When you do this with students, try to say only the sound you're listening to, without a vowel after it. For example, to practice /t/, say only /t/, not /t/ or /tiy/. If you pronounce a vowel after /t/, the voiced vowel will cause vibration and students will be confused and might mistakenly think that /t/ is voiced.

Many of the consonants of English form pairs--a voiced and a voiceless sound that are the same except for voicing. For example, /b/ and /p/ are identical except that /b/ is voiced and /p/ is voiceless. (Notice that one of these pairs--the voiceless sound //and the voiced sound /?/--are both spelled with the same two letters: th.) However, the voiced sounds /m/, /n/, //, /l/, /r/, /w/, and /y/ have no voiceless counterparts, and the voiceless sound /h/ has no voiced counterpart.

The box on the next page shows the voiced and voiceless consonant sounds of English. Paired sounds in boxes next to each other. If a sound has a gray box next to it, it has no paired sound.


/b/ /d/ // /v/ /?/ /z/ //

/d/ /m/ /n/ // /l/ /r/ /w/ /y/

Voicing of English Consonants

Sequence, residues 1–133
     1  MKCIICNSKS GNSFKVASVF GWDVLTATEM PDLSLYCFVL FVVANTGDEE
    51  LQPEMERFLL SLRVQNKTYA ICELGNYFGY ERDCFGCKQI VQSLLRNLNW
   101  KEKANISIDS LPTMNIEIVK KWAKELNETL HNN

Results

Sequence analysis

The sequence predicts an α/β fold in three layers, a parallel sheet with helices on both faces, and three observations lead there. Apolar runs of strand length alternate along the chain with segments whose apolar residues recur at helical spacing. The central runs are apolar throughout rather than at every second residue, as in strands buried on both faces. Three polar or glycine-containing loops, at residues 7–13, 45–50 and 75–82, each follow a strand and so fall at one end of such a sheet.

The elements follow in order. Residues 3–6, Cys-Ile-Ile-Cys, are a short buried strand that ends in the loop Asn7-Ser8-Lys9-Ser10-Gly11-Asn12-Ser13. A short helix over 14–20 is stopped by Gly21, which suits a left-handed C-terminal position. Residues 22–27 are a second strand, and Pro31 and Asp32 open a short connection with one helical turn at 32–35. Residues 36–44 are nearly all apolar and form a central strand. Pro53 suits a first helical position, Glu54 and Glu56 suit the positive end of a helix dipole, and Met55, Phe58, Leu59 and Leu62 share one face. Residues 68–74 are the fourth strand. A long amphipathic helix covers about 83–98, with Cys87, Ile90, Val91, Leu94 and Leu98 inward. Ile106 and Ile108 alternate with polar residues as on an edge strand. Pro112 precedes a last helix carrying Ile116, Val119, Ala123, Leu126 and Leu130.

Voiced Consonants big dog give vote this zoo beige

juice man now sing love run wet yes

Voiceless Consonants



















Place of articulation (Where?)

We can also classify consonants by referring to the parts of the articulatory system that are active when we produce each sound. This is called the place of articulation. As you can see in the list below, some of these terms are similar to the names of the parts of the articulatory system that are used in making them.

? Bilabial: Both lips touch or almost touch. The sounds in this group are /p/, /b/, /m/, and /w/.

? Labiodental: The upper teeth softly touch the lower lip. The sounds in this group are /f/ and /v/.

? Dental (also called interdental): The tip of the tongue touches the bottom edge of the top teeth or between the teeth. The sounds in this group are // and /?/.

? Alveolar: The tip of the tongue touches or almost touches the alveolar ridge (the tooth ridge). The sounds in this group are /t/, /d/, /s/, /z/, /n/, and /l/.